House of Commons Hansard #127 of the 36th Parliament, 2nd Session. (The original version is on Parliament's site.) The word of the day was health.

Topics

Shipyards
Oral Question Period

October 5th, 2000 / 2:50 p.m.

Progressive Conservative

John Herron Fundy Royal, NB

Mr. Speaker, we will try to bring some reason to this debate. The government's inaction in modernizing financial instruments for Canada's shipyards has devastated Canada's shipyards and their coastal communities.

My question is for the industry minister. Will the Government of Canada be making any formal announcement through legislation within the finance minister's economic statement, or in a stand alone statement on its own, on enhancing financial instruments for Canada's shipyards within the next 21 days?

Shipyards
Oral Question Period

2:50 p.m.

Ottawa South
Ontario

Liberal

John Manley Minister of Industry

Mr. Speaker, I do not happen to have a calendar on me at the moment, but I might note that what the hon. member and his colleagues have been asking for is that Canada essentially disregard the obligations we have undertaken in the context of the OECD.

I find it striking strange that party would suggest that we ignore our international obligations with respect to commitments not to subsidize an industry.

Western Diversification
Oral Question Period

2:50 p.m.

Liberal

John Harvard Charleswood—Assiniboine, MB

Mr. Speaker, my question is for the minister responsible for western economic diversification. As he well knows, the St. Boniface General Hospital Research Centre is a leading research facility in Winnipeg. In fact it is in his riding.

Recently it identified a gap between its research and the delivery of care at the hospital. Could the minister explain what might be done to assist the research centre in closing that gap?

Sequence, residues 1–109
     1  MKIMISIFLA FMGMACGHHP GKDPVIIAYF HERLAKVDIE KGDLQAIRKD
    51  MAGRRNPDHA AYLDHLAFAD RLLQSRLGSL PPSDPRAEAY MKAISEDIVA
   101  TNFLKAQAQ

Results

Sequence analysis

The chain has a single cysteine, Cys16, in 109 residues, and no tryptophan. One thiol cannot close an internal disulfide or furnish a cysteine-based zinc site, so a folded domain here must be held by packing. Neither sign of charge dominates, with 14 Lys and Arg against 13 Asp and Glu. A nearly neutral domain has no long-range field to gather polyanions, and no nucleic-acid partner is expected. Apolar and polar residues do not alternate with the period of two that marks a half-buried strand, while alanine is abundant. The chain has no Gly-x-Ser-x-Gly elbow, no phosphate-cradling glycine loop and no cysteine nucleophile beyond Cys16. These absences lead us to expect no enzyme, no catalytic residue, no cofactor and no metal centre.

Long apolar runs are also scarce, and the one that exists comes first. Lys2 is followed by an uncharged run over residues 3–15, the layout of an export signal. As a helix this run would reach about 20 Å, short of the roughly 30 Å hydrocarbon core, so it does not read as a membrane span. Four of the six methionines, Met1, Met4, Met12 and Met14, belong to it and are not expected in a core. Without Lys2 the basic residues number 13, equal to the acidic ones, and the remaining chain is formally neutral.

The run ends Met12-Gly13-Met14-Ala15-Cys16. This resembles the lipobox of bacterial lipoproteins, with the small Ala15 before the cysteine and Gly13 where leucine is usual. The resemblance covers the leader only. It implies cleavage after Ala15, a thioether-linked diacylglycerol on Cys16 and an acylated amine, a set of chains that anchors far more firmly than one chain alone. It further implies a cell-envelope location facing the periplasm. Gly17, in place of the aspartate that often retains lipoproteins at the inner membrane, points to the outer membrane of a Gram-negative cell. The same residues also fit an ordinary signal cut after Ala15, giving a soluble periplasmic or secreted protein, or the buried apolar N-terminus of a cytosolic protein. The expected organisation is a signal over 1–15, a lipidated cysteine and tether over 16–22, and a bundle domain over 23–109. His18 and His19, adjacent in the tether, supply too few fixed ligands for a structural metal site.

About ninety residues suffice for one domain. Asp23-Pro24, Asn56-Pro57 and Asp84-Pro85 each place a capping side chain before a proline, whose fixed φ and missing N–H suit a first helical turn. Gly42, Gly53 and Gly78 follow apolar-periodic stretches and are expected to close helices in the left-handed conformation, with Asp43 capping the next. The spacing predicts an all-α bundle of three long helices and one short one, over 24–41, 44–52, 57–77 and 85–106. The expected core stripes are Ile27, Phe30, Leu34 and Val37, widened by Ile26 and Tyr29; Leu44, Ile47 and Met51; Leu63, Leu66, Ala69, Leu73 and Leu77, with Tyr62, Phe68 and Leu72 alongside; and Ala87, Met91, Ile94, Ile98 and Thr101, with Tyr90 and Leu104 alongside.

Western Diversification
Oral Question Period

2:50 p.m.

Saint Boniface
Manitoba

Liberal

Ronald J. Duhamel Secretary of State (Western Economic Diversification)(Francophonie)

Mr. Speaker, Canada has invested $2.3 billion in western Canada since 1987. This is another $5 million investment in leading edge research.

This $5 million will trigger 45 million other dollars and $35 million from the private sector. This permits clinical trials. It permits the bridge between research and practice. It is one of three facilities in Canada—

Western Diversification
Oral Question Period

2:50 p.m.

Some hon. members

Oh, oh.

Western Diversification
Oral Question Period

2:50 p.m.

The Speaker

Order, please. The hon. minister has time.

Western Diversification
Oral Question Period

2:55 p.m.

Liberal

Ronald J. Duhamel Saint Boniface, MB

It will create 250 new jobs in research. They do not understand that. They do not want to invest in Canadians. They do not understand how it works. They do not like good news. Look at the contortions. Frankly I am embarrassed by their reaction.

Aboriginal Affairs
Oral Question Period

2:55 p.m.

Reform

John Williams St. Albert, AB

Mr. Speaker, the public accounts of Canada tabled last week contain an amount of $200 billion for aboriginal claims of various kinds.

While the Minister of Finance can boast about his $12 billion surplus, we are talking about $200 billion here. We want to know how the government will squeeze that money out of the taxpayers to come up with that kind of cash.

Aboriginal Affairs
Oral Question Period

2:55 p.m.

Kenora—Rainy River
Ontario

Liberal

Bob Nault Minister of Indian Affairs and Northern Development